The secretariat has planned three courses, to be held from 10 a.m. to 1 p.m. in the Palais des Nations on Wednesday, 30 September (Room VIII); Friday, 30 October (Room XXVI); and Monday, 3 December (Room XXVI).

        The courses will be delivered in English, with simultaneous interpretation into French, Spanish and Arabic.

        The secretariat invites permanent missions to nominate delegates who follow matters pertaining to UNCTAD or WTO in Geneva to attend one or all of the courses, using the attached application form, which should be submitted at least one week before the date of the course. Courses will begin promptly at 10 a.m. to allow sufficient time for debate after the presentations.

        Any queries about the programme should be addressed to:

        • Topic 6

          30 September 2009
          Palais des Nations, ROOM VIII

          Energy in the 21st century: The emerging biofuels market and its development implications

          Growing concerns about oil price volatility, energy independence and the climate change ramifications of fossil fuel use have drawn substantial attention to renewable energies, including biofuels, as alternatives to meeting the world’s energy demand. Positive economic, social and environmental objectives might be fulfilled by increased production, use and international trade of biofuels. Biofuels, however, also raise concerns related to food security, rising food prices and environmental conservation. The course will provide an opportunity to discuss polices and instruments that could make biofuels fulfill their goals, while minimizing their potential negative side-effects.

          Delivered by: Division on International Trade in Goods and Services, and Commodities

        • Topic 7

          30 October 2009
          Palais des Nations, ROOM XXVI

          Non-Tariff Barriers: UNCTAD's new initiative

          With tariff reductions through multilateral and bilateral trade negotiations, the importance of non-tariff barriers (NTBs) to control international trade has been growing in recent years. Developing a comprehensive database on NTBs is thus becoming an urgent requirement, whether to negotiate their reduction or elimination with partner countries, or to build capacity at home to meet additional requirements imposed. UNCTAD, having had one of the most comprehensive databases on NTBs in the past in its Trade Analysis and Information System (TRAINS), took a new initiative in 2006 to collect, disseminate and quantify NTBs with an establishment of  the Group of Eminent Persons on Non-Tariff Barriers (GNTB). The course will introduce the work that followed the first meeting of GNTB in July 2006, a multi-agency effort involving seven other international agencies (FAO, IMF, ITC, OECD, UNIDO, World Bank and WTO). It will also present some preliminary results from a pilot project on NTBs in several developing countries that has been executed jointly by UNCTAD and ITC on behalf of the multi-agency team, and will make a proposal for a global project.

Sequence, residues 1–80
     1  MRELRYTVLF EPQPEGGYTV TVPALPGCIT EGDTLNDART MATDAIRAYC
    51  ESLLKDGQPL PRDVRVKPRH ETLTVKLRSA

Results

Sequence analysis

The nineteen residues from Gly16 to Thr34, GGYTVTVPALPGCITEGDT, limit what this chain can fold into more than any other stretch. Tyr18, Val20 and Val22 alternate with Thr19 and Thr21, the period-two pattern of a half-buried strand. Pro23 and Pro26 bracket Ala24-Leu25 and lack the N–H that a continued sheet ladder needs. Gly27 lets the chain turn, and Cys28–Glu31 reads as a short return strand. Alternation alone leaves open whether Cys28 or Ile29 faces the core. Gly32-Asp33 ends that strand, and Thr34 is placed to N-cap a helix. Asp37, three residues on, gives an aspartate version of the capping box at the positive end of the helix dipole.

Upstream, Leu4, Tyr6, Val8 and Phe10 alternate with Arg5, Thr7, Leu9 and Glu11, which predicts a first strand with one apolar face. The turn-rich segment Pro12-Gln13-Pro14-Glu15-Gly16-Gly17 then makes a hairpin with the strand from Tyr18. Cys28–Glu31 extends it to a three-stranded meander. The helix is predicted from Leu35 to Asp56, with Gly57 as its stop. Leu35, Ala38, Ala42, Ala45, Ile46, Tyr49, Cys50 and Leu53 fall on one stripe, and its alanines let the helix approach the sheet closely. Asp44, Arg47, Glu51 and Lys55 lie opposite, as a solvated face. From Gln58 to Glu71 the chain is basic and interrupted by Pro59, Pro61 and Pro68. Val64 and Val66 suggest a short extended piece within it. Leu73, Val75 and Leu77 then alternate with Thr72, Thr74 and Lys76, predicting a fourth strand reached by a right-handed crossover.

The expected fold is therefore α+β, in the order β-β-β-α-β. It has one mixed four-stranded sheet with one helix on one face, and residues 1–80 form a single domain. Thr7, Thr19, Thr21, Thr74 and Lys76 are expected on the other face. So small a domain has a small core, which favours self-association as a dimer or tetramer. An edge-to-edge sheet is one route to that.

Delivered by: Division on International Trade in Goods and Services, and Commodities

        • Topic 8

          3 December 2009
          Palais des Nations, ROOM XXIII

          Investor-State dispute settlement

          International Investment Agreements (IIAs) have the potential to contribute to economic and social development, including by enhancing FDI flows and attendant benefits. Over the years, however, investors have increasingly resorted to the dispute settlement mechanisms included in such IIA, leading to a growing number of treaty-based investor-State dispute settlement (ISDS) cases brought to international arbitration. This raises considerable challenges for host countries, including cost-related challenges, challenges regarding a country’s reputation as an attractive FDI destination and capacity-related challenges. In order to maximize the benefits of IIAs, while minimizing attendant risks, it is of utmost importance that host countries have the capacity to manage - and to the extent possible avoid - such ISDS proceedings. The course aims at offering an initial overview of the key substantive and procedural issues developing countries face in this context.

          Delivered by: Division on Investment and Enterprise